Mon, May 26, 2008 - Page 1 News List

More than 70,000 houses destroyed by aftershocks

SUFFERING SICHUANWeather forecasts said that heavy rain yesterday and today could hamper relief efforts, which were already made more difficult by a new temblor


A quake survivor stands amid rubble where buildings once stood in Hanwang, Sichuan Province, China, yesterday.


A big aftershock rattled southwest China yesterday, killing at least one person and injuring 400, state media reported, nearly a fortnight after a big quake killed tens of thousands in the same area.

More than 70,000 houses were toppled during yesterday’s tremor in Sichuan Province, state TV reported. The 5.8 magnitude aftershock was epicentered 40km west-northwest of Guangyuan, the US Geological Survey said.

At the same time hundreds of troops carrying explosives were trekking through the area, attempting to reach a “quake lake” that threatened a secondary disaster.

Concerned by a rise in the water level of a giant lake at Tangjiashan, authorities have been seeking to blast a hole in the barrier before it bursts and causes a flashflood. Thousands have been evacuated below the lake as a precaution.

Chinese Premier Wen Jiabao (溫家寶), who believes the overall death toll from the main quake could exceed 80,000, has said the main concerns are now secondary disasters like flooding and landslides, epidemics and providing shelter for the millions of displaced.

State TV earlier reported that an 80-year-old partially paralyzed man was the longest known survivor to date. He was pulled alive from the rubble on Friday, 266 hours after the 7.9 magnitude quake hit.

The man was rescued in Mianzhu City, where he had been trapped under a collapsed pillar of his house. He had survived after being fed by his wife, the TV report said.

The biggest concern among the dozens of quake lakes is the one at Tangjiashan, which rose 1.93m yesterday to 723m, Xinhua said.

“The relief work for Tangjiashan quake lake is now at critical stage,” Vice Minister of Water Resource E Jingping (鄂竟平) told a news conference in Beijing.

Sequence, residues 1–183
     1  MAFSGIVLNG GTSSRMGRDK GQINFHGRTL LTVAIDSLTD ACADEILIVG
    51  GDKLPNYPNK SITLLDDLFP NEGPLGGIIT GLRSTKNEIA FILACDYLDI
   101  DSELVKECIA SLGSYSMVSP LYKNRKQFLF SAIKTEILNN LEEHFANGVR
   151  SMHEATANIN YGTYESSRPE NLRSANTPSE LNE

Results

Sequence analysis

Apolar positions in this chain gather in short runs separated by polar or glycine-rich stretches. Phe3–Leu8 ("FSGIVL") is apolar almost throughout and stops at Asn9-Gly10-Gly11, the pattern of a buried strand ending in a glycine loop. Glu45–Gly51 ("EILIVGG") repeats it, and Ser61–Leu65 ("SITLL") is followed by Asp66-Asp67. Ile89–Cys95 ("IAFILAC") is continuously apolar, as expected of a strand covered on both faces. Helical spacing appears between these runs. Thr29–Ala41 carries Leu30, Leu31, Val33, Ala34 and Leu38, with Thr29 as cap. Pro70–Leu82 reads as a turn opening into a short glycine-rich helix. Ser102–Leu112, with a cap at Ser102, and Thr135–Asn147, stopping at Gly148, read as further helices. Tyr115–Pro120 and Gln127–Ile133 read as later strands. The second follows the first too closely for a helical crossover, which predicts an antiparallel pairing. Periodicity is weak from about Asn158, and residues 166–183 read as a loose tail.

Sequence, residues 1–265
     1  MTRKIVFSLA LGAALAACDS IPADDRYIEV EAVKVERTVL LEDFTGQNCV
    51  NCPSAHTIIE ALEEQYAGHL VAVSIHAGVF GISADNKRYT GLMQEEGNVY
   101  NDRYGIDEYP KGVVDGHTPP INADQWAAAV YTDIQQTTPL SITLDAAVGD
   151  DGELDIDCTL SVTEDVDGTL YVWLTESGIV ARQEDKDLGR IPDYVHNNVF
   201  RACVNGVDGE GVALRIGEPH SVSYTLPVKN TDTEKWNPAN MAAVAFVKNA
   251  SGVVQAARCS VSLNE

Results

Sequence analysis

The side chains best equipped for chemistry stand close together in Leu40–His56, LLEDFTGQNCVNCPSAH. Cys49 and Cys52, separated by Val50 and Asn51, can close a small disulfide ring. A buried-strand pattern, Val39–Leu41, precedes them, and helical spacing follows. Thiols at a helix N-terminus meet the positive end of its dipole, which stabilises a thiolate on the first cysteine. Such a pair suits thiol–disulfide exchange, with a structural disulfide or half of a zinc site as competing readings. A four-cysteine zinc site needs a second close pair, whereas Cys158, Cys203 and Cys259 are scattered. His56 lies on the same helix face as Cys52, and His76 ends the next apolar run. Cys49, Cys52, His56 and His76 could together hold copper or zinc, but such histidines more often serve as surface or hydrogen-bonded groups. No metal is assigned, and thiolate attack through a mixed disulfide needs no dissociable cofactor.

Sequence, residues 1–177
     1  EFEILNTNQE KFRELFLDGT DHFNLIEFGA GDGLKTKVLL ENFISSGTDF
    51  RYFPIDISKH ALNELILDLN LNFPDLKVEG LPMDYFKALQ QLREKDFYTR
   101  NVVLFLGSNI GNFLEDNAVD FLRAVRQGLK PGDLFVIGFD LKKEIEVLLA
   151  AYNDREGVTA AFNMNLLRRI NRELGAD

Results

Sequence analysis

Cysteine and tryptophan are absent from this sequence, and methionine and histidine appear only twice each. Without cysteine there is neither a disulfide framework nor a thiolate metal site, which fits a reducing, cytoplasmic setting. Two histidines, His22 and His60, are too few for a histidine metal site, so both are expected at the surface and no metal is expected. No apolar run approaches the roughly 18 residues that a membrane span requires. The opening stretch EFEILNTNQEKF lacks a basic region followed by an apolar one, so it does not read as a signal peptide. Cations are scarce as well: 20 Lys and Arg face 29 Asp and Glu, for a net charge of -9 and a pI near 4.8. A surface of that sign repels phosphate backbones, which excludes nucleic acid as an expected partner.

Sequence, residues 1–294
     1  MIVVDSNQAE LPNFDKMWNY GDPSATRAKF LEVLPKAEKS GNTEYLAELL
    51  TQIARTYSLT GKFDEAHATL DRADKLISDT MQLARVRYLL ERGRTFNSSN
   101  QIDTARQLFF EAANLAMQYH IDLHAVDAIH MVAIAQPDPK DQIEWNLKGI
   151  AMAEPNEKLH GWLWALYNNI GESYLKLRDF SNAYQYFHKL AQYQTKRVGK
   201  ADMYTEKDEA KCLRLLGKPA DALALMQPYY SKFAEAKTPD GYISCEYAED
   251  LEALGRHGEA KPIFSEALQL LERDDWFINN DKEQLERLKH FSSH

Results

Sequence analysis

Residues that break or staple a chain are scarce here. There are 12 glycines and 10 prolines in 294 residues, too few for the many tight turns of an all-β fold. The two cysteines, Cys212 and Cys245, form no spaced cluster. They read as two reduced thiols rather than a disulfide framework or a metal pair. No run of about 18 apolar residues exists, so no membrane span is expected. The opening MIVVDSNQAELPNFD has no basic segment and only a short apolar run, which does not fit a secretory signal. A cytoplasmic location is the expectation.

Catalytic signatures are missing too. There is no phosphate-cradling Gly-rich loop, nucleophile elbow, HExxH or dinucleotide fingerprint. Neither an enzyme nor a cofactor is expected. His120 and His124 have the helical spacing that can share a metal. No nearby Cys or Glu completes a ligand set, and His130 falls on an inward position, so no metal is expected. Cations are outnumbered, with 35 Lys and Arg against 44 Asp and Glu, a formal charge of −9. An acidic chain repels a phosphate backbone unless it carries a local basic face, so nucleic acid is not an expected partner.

“The daunting difficulty in treating a quake lake is its unpredictability — its formation and when it could burst,” he said.

But a military expert near the wrecked town of Beichuan said the lake did not pose an immediate threat.

“This is a precautionary step in case there is rain over the coming days. The dam is far from overflowing yet, but we need to release water in case the predicted rains come,” said the People’s Liberation Army officer, surnamed Liu.

Forecasts of rain added to worries yesterday about relief efforts to house the millions of people left homeless by the earthquake.

The government warned that heavy rain was on the way, possibly hampering work to get temporary shelters up to house the estimated 5 million who lost their homes in Sichuan Province.

The State Meteorological Bureau said yesterday that parts of Sichuan would suffer “heavy and even in some areas torrential rains” later yesterday and today.

The bureau warned of “possible mudslides” caused by the heavy rain.

Rescuers were also trying to reach 24 coal miners who officials said were trapped in three mines by the disaster, though they didn’t know if the miners were alive.

Xinhua news agency said that China’s customs office had streamlined entry procedures for relief materials and rescue personnel. It said that on Saturday 47 batches of overseas relief materials, including tents and medicine had arrived in quake-hit areas. Aid is being sent by large and small countries.

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